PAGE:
China's central state firms continued to see steady growth in the first nine months of the year, official data showed.
Aggregate revenues of the country's centrally-administered state-owned enterprises (SOEs) increased 11 percent year-on-year to 21.1 trillion yuan ($3.05 trillion) in the January-September period, according to the State-owned Assets Supervision and Administration Commission (SASAC).
The revenue growth remained above 10 percent in four months in a row, SASAC deputy secretary general Peng Huagang said at a press conference of the State Council Information Office on Monday.
Peng said the central SOEs also saw better profitability as their combined profits expanded 21.5 percent in the first nine months, posting revenue increases of more than 20 percent in five consecutive months.
The central SOEs handed more taxes and fees to the State, contributing over 1.7 trillion yuan in the first nine months, a year-on-year increase of 7.3 percent and the growth rate was 2.1 percentage points higher than that of the same period in the last year.
Meanwhile, a further drop of 66 percent in the debt-asset ratio was reported by the end of September, down by 0.5 percentage points from a year ago.
In the first three quarters, the central SOEs' fixed-asset investment recorded 1.5 trillion yuan, a 2.7 percent rise year on year. Most of the investment went to areas such as major livelihood projects, green development, and science and technology.
The SOEs production efficacy was improved. In the first nine months, the revenue generated per person rose by 12.5 year on year, the profit created per head went up 23.1 percent year on year and the overall labor productivity increased by 8.4 percent year on year.
Peng said the solid steps toward high-quality development of the SOEs had further infused confidence and resolution into the SASAC to cope with risks and better moved forward with reform and development of these companies.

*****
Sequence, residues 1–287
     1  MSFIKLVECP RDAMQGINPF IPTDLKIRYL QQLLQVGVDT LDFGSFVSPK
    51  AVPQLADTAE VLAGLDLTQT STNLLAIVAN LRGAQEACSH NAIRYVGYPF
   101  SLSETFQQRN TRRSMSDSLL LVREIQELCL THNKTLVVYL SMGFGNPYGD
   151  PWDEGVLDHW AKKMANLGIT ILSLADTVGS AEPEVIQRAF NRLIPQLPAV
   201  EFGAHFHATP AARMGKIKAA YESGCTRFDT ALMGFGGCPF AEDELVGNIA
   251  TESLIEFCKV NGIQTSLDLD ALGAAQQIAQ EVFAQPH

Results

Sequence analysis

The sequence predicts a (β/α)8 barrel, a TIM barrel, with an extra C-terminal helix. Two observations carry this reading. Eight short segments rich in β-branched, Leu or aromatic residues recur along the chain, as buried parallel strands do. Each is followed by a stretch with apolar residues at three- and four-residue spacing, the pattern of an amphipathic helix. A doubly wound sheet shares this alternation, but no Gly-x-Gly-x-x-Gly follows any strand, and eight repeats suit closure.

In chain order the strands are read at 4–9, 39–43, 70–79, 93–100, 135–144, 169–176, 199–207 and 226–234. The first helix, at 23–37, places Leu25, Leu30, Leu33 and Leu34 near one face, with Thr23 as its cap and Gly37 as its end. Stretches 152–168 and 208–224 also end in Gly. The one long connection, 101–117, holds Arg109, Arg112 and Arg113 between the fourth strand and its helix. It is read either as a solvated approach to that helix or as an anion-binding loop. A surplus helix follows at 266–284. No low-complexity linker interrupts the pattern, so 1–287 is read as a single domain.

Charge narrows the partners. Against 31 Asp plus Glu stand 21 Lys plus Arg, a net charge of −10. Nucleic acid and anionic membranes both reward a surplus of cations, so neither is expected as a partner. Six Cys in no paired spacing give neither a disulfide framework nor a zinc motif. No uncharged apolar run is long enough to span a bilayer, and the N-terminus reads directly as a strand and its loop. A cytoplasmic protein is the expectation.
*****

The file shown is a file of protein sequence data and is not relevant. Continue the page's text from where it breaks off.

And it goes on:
Reform of state-owned enterprises was proved to be effective in recent years. So far, corporate reform has covered about 94 percent of China's SOEs and the proportion of mixed-ownership enterprises under central SOEs rose to 68.9 percent in 2016.
Strategic restructuring was also solidly accelerated. Since the 18th National Congress of the Communist Party of China (CPC), restructuring of 38 SOEs was completed in 20 groups. The number of legal entities of SOEs was reduced by more than 10,000. In addition, 21.7 billion yuan of labor cost, and 18.8 billion yuan of management fees, were saved.
The target of the country's SOEs reform and reshuffling was to turn these companies into independent entities that were absolutely self-managed, self-disciplined and able to assume full responsibility for their own profits and losses, Peng said.
Through the reform, the SOEs would share the same status with other types of companies in the use of production factors, in the market competition and in the protection of the law, he added.
In response to questions on the principle of competitive neutrality, Peng said that the government would remain neutral toward companies of all categories of ownership, and stood against the practice of setting up different sets of international rules based on a company's ownership type or simply discriminating against State-owned companies.
Some media had claimed that SOEs are expanding through merging or acquiring private firms. Peng said it was imperative to know that on one hand, the state-owned companies were important and their roles were crucial, and on the other hand, the central government always encouraged and supported private companies to develop.
Besides, reform of mixed-ownership companies was a two-way road and a win-win strategy, Peng pointed out. Through encouraging private companies to take part in the reform of state-owned enterprises and supporting state-owned capital to invest in private companies, the mixed-ownership reform, based on equality and mutual benefit and the principle of making use of each other's complementary advantages, would bring win-win results.
So far, 2/3 of the central SOEs' subsidiary corporations were in mixed ownership. During the wide reforms of SOEs, 11,651 legal entities were shed and 2,618 of these entities were transferred to private ownership, said Peng.
Source: People's Daily Online
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